Australia to protest live export ahead of Islamic slaughter
SYDNEY: With hundreds of thousands of animals expected to be slaughtered across the Islamic world later this month, and many of the cows and sheep coming from Australia in live export vessels, Australian activists are to take to the streets across the country to protest the government’s continued approval of the controversial practices.
Spearheaded by Animals Australia, the protests will be held in the cities of Melbourne, Sydney, Brisbane, Adelaide, Perth, Canberra and Hobart.
"If you care about animals and want to see them protected from cruelty, then please join us this Saturday as we rally side-by-side, right across the country, for an end to live export,” said Animals Australia in a press release announcing the protest to its followers.
It also comes on the heels of a report that live export sheep were clubbed to death and buried alive in Pakistan last month in what activists say was a "shocking incident.”
"These are the latest tragic results of a live export industry that sends animals to be killed in countries where there are no laws to protect them from cruelty,” said Animals Australia in a press statement.
"No politician can defend a trade that comes with the risk of animals being clubbed, stabbed, or buried alive. Enough is enough. Today, don’t let your MP off the hook,” the animal rights group added.
In revealing the terrible tragedy, Animals Australia urged Australian citizens to call on their representatives to push for an end to the live export trade.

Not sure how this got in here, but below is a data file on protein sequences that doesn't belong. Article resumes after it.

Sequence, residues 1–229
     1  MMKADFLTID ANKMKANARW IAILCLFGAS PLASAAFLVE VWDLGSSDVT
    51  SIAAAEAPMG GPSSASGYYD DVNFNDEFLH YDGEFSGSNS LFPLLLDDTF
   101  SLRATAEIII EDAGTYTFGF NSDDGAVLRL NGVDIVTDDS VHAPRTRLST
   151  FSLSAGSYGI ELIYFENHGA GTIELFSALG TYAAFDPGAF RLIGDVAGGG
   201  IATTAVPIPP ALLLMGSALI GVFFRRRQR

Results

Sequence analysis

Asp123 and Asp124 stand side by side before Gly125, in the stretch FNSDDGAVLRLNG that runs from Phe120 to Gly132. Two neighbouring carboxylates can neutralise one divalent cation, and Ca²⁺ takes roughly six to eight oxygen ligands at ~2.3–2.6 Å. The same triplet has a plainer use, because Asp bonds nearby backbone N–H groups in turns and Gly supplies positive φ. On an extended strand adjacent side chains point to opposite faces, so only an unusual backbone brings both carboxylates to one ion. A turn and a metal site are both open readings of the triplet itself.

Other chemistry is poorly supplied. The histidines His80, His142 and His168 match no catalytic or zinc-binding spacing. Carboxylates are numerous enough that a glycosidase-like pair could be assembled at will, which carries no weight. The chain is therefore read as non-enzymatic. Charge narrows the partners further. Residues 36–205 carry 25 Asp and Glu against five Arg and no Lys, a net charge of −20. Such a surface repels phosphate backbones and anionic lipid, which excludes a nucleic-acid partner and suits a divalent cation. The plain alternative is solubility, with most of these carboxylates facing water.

Pakistani officials confirmed to Bikymasr.com on that they would go forward with the killing of more than 21,000 sheep despite Australian government assurances that the animals were safe to be slaughtered for food.
Australian diplomats have repeatedly urged Pakistan to stop the killings, saying the animals are not infected with disease.
Pakistan ordered the cull after the ship carrying the sheep had been turned away by the Bahraini government and tested positive for salmonella and actinomyces.
Australia’s High Commissioner to Pakistan Peter Heyward said he was "surprised and concerned” about the killings, as he argued the animals met the south Asian country’s health requirements for imported sheep and they posed "no human or animal health risks.”
Salmonella and actinomyces, he argued, "are part of normal gut flora and are present in livestock throughout the world, and in this form pose no threat to human health.”
In Pakistan, Karachi’s top administrator Roshan Shaikh told reporters that the sheep killings would continue.
"There is no suspension in the process, as the bacterial presence in the animal is confirmed and we can’t put human life in danger in Pakistan,” he said.
It comes after Egyptian officials refused to allow a shipment of young cows into the country last month from Brazil after officials in Cairo said the animals were infected with unknown hormones.
Over 32,000 cows were slaughtered as a result after being forced to remain at port for weeks, causing mass deaths on board the ships.
The stranded cows had made international headlines after Bikyamasr.com first reported their situation on September 1, including a Care2.com petition that was signed by over 25,000 people globally urging the Egyptian government to free the baby cows from their horrific conditions. (continue reading...)